More than 100 international artists applied for this year’s Young Artist Award. Cong Ma was chosen as one of the finalists. She received an unrestricted cash award of US$1,000 and exhibited her work in Platina’s booth at Schmuck, in July 2022.
AJF’s Young Artist Award acknowledges promise, innovation, and individuality, advancing the careers of rising artists. The competition was open to makers of wearable art age 35 and under who are not currently enrolled in a professional training program. Judging was based on originality, depth of concept, and quality of craftsmanship. This year’s jurors were 2020 AJF Artist Award winner MJ Tyson (US); collector and gallerist Karen Rotenberg (US); and educator and curator Chequita Nahar (The Netherlands).
Ma’s work represents a group of outstanding pieces of contemporary jewelry. We asked her to tell us a bit about her background and thoughts on the future of the field.
Bonnie Levine: Congratulations on being one of the five finalists for the 2022 Young Artist Award. What an accomplishment! Please introduce yourself to our readers. How did you become interested in jewelry? What inspires your work?
Cong Ma: I am a painter, a jewelry maker, and a designer. Born to a family of artists, I have been drawing ever since I could pick up a pen. I found my interest in art jewelry because it is a unique art form independent of any functionality yet close to the people wearing it.
What does being a finalist mean for you? Do you think it will influence you going forward?
Cong Ma: Being a finalist makes me want to stick with art jewelry. I see the creativity among all the finalists, and I am grateful to be connected to this community, especially after a post-COVID era of rising technology and quarantine. By being in this community, my awareness will keep up with the times, and that’s important to an artist’s development.
Tell us about the work you applied with.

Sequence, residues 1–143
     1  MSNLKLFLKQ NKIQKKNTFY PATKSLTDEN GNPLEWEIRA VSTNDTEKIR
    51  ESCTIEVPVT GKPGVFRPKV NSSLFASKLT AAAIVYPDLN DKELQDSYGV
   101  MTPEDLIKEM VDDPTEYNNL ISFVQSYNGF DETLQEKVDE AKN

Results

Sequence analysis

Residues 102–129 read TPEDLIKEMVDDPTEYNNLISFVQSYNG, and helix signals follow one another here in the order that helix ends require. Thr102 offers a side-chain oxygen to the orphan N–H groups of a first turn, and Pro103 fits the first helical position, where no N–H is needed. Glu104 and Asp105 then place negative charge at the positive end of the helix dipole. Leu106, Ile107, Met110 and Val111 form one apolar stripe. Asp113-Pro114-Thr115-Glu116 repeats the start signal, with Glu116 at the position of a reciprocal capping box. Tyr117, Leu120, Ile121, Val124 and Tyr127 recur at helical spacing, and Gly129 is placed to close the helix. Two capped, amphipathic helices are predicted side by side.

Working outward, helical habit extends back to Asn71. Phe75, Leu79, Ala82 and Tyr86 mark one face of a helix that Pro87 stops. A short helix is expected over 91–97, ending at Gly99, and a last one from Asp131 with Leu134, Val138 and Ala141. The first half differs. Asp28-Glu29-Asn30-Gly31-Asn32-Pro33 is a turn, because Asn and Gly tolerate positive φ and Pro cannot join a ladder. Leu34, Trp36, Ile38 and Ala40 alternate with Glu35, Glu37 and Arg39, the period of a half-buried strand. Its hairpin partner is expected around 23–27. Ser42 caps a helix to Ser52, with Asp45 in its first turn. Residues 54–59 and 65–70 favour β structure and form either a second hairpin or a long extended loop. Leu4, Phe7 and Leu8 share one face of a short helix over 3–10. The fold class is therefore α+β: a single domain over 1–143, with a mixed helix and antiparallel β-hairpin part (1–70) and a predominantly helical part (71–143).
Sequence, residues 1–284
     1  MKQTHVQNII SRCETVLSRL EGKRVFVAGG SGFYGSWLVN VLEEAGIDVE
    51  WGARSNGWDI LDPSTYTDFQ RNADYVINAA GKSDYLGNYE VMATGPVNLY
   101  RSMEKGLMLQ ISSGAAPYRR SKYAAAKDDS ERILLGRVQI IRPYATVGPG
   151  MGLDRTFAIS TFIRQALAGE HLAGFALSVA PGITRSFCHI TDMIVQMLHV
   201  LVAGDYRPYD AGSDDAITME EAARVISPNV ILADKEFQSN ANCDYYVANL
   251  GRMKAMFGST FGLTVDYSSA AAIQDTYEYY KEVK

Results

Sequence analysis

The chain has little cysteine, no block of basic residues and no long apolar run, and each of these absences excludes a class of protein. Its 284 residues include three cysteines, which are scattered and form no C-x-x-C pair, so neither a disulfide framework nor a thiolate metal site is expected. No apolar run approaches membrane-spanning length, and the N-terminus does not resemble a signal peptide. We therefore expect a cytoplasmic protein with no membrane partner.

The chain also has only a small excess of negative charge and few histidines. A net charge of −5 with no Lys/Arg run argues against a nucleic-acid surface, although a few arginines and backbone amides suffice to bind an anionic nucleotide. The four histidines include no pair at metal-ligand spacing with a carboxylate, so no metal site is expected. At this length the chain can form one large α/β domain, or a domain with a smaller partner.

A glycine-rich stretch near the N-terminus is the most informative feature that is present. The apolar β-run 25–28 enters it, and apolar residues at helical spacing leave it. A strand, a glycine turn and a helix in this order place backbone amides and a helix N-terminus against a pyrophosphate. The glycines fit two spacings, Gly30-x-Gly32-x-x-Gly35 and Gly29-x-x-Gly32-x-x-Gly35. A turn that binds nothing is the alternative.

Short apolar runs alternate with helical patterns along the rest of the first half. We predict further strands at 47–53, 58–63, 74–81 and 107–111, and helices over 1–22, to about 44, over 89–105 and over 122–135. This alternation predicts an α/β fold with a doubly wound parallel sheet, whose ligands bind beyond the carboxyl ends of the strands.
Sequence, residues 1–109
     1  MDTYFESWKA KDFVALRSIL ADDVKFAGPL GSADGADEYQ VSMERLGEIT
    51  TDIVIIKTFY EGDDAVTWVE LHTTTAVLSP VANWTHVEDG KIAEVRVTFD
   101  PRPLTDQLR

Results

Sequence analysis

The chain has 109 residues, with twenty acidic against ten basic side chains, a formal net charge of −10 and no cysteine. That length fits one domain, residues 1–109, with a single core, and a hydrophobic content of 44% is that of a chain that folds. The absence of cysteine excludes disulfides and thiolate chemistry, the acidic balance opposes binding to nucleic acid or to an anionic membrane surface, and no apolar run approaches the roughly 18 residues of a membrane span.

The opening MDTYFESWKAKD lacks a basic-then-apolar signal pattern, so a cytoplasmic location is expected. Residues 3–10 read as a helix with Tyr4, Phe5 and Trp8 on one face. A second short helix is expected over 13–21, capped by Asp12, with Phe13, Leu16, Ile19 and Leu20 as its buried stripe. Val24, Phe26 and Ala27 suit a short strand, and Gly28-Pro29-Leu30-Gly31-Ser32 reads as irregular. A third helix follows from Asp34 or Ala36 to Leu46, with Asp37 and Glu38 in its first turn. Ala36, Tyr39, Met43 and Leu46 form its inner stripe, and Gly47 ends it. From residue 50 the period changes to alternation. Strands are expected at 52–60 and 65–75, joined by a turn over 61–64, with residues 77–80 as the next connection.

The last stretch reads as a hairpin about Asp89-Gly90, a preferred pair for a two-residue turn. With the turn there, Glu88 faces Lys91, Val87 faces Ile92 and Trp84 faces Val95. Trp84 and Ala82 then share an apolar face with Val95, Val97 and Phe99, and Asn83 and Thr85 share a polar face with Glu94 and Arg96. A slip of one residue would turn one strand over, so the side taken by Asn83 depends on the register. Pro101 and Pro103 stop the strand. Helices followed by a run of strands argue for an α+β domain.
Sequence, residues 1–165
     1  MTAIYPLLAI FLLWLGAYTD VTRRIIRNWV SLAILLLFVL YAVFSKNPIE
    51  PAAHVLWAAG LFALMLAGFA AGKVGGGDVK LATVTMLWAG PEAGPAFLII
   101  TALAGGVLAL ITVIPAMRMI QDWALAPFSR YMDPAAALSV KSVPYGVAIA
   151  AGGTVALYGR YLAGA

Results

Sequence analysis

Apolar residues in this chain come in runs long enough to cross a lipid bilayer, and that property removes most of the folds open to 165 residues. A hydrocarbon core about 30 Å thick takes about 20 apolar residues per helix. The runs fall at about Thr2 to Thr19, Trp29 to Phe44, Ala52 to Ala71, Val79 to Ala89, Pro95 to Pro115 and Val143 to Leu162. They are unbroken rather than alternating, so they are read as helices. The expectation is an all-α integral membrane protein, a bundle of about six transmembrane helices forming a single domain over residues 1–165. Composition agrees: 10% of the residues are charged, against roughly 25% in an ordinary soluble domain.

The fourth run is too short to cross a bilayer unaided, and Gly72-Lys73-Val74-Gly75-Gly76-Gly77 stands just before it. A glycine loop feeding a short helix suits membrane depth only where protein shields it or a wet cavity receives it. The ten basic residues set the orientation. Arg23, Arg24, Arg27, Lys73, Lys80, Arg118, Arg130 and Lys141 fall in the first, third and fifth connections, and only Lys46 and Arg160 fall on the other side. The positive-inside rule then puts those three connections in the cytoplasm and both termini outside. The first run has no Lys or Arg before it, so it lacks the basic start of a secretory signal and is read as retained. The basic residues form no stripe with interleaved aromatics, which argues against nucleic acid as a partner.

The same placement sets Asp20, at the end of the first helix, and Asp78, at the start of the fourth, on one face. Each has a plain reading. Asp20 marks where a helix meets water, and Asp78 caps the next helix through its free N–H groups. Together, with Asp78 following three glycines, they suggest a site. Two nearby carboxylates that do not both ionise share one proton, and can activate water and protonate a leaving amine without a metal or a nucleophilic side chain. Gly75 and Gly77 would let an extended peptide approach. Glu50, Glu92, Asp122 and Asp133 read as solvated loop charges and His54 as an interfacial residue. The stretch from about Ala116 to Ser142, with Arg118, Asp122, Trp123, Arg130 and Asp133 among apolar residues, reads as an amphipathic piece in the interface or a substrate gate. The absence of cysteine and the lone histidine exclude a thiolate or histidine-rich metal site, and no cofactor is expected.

Cong Ma: I see jewelry as a means to an end for learning about all kinds of knowledge that interest me. My interest in geometry and higher dimensions inspired this body of work. For example, a three-dimensional ball going through a two-dimensional thing would appear to be a circle growing and then getting smaller until it disappears. Likewise, a 90-degree angle intersecting a slanted surface unfolded onto a two-dimensional plane is no longer 90 degrees. These are fascinating observations and phenomena. I would like to convey these illusions through my work in an abstract way.
What excites you about the art jewelry field?
Cong Ma: I enjoy making art jewelry because of the freedom it gives me to talk about any topic in the world that interests me in meaningful ways.
Any frustrations that you see or have experienced?
Cong Ma: The relationship between my art and me is very natural. Whenever I have an idea, I can realize about 90% of that idea, and I am always pleased. If there ever were any frustrations, it might be that I would like to learn more techniques in jewelry-making to be able to express more of my ideas. But that would require some time and commitment to learning in the future.
Where do you think art jewelry is going? Do you see any new and exciting trends?
Cong Ma: I imagine the art jewelry field going in several ways. First, because the audience is relatively small compared to other art fields, it could have the potential to grow very big, to the extent that its definition becomes ambiguous. It could potentially merge with fashion, furniture, or technology in the form of games and NFT, which one can never wear. So people might not want a physical piece to wear and call jewelry, but they could have an urge to associate, fantasize, and ultimately express.
Where would you like to be five years from now?
Cong Ma: I want to continue to think about art jewelry philosophically. Through my own experiences and exposures, I can develop a mature theory in design. I see it in the form of a treatise where I would systematically examine my thoughts and have my artworks reflect those ideas.
Congratulations again! Thank you for taking the time to answer these questions.
This is the last of our interviews with the honorees. Read the interview with Young Artist Award winner Mallory Weston here. Our interview with finalist Taisha Carrington is here. Check out Marion Delarue’s interview here. You’ll find our interview with Aaron Decker here.